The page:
Criminal Record Expungement - (216) 367-9181
A criminal record, or even just an arrest record could be keeping you from getting a great job or getting to use your bachelor’s, associate’s or high school degree.
Ohio law allows a person with one or two convictions, a felony and/or misdemeanor, to seal their criminal record which could help them get a fresh start at life. McDermott Law LLC represents individuals applying for expungement and at all stages of the expungement process. Call (216) 367-9181 for a Free Consultation - Available evenings and weekends.
Everyone makes mistakes. Unfortunately, sometimes those mistakes have consequences that can affect you far down the road. This is especially true today where anyone with an internet connection can quickly look up public records before deciding to give you a job or otherwise do business with you. This may happen even if the criminal charge, conviction or arrest occurred years or decades prior.
Fortunately, with the passage of Senate Bill 337 (R.C. 2953.32) in 2012, you may qualify to seal your record, known colloquially as expungement, under circumstances that may have previously prevented you from applying for and sealing your criminal record.
AM I ELIGIBLE?
If you have any one of the following types of criminal convictions, you may qualify to have your record sealed after waiting the required time-frame:
One Felony and One Misdemeanor
Certain crimes, including DUI/OVI offenses, are not expungable under Ohio Law. Other crimes that prohibit sealing of the record include Murder, Felonious Assault, Aggravated Assault, Kidnapping, Rape, Arson, and Escape. There are many other prohibited offenses, and it may be helpful to contact an attorney to discuss eligibility. McDermott Law LLC and Attorney Kevin M. McDermott II are available to help determine eligibility. Call today at (216) 367-9181 for a Free Consultation.
Note that you may be eligible for expungement even if you believe you have more charges on your record than above, as Ohio allows multiple charges to be treated as the same offense under certain circumstances. As such, even though a person with two felony convictions is generally precluded from expungement, Ohio Law provides two exceptions whereby multiple convictions will be counted as one for expungement purposes. First, where the felonies "result from or are connected with the same act or result from offenses committed at the same time, " and second, where the convictions "result from the same indictment, information, or complaint, from the same plea of guilty, or from the same official proceeding, and result from related criminal acts that were committed within a three-month period." See the entire statute at R.C. 2953.31(A).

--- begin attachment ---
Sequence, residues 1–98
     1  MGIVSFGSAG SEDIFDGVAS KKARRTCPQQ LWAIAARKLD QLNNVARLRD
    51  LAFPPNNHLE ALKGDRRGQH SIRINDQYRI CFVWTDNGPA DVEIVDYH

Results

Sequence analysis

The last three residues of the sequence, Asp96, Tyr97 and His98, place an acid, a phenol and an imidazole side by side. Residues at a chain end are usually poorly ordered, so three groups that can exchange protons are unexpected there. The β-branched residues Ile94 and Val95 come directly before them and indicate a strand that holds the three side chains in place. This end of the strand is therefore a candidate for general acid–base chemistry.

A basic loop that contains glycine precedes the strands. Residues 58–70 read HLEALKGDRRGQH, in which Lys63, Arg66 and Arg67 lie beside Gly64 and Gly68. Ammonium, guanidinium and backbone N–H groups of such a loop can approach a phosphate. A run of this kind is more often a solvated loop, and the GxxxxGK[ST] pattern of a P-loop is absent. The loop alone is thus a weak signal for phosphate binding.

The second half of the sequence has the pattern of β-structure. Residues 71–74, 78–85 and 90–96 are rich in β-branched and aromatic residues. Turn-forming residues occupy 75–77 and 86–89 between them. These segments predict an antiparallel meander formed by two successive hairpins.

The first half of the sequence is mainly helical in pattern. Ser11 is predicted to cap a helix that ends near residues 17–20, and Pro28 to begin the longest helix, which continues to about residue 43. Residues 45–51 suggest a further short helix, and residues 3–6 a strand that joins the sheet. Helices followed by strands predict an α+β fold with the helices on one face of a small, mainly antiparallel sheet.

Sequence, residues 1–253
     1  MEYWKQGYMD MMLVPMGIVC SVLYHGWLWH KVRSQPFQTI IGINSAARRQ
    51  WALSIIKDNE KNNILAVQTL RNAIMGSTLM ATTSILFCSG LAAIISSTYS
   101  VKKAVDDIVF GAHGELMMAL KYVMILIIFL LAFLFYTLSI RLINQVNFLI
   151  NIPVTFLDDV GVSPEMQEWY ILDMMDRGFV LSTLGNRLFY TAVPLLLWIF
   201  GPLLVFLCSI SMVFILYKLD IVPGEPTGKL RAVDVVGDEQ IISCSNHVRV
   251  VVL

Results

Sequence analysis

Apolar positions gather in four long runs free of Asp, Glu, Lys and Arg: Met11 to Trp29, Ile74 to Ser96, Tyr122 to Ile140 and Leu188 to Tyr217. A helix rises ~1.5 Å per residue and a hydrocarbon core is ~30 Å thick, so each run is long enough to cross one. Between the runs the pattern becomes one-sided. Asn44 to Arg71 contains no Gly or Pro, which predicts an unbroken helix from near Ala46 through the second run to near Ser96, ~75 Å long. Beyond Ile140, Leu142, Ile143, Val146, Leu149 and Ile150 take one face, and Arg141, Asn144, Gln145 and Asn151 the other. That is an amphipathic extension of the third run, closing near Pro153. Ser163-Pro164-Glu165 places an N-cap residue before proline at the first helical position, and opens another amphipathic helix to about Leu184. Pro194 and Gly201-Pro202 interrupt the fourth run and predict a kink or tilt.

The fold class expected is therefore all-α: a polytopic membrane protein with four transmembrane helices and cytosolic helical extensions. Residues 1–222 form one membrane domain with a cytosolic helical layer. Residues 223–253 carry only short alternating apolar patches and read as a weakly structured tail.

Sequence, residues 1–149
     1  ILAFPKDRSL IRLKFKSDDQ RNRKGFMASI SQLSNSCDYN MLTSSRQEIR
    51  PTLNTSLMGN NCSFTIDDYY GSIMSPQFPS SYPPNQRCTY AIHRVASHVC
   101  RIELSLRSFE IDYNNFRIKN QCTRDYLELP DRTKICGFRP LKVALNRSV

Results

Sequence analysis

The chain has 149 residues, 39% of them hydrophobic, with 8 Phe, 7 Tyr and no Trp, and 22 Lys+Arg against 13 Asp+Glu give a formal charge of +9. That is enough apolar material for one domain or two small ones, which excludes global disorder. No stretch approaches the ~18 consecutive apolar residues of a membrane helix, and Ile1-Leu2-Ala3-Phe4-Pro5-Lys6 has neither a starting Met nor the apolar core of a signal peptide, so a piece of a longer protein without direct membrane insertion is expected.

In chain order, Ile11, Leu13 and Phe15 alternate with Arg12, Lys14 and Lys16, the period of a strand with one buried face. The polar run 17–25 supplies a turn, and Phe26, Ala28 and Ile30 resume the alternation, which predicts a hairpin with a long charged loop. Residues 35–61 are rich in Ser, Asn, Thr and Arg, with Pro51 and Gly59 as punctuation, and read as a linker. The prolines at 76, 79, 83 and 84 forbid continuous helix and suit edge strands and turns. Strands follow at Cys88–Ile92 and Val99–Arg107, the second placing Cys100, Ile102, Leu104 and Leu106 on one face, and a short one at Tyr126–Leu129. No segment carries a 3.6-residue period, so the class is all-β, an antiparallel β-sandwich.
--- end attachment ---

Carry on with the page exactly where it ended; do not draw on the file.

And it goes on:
What does it mean to Expunge a Criminal Record?
Many people initially believe that an expungement will completely clear their criminal record as if no criminal conviction or arrest ever occurred. However, this is not entirely the case. The process in Ohio is actually called "sealing a criminal record." After the successful granting of a record sealing request the criminal record is no longer reflected on county record transcripts, clerk of courts websites and commercial background checks. However, law enforcement, judges, and the Burea of Criminal Identification ("BCI") can still access and view your criminal record. Nonetheless, sealing a criminal record may be invaluable when obtaining housing, applying for a job, applying for educational programs, or obtaining a license.
Certain crimes, including DUI/OVI offenses, are not expungable under Ohio Law. Other crimes that prohibit sealing of the record include Murder, Felonious Assault, Aggravated Assault, Kidnapping, Rape, Arson, and Escape. There are many other prohibited offenses, and it is recommended to contact an attorney to determine your eligibility.
Even if you were never convicted of a crime, your family, friends, current and potential employers and others may still be able to see a past criminal arrest on the court's docket. Such occurrences include a dismissal, finding of not guilty, or a "no bill."
Contact Attorney Kevin M. McDermott II today for a Free Consultation. (216) 367-9181.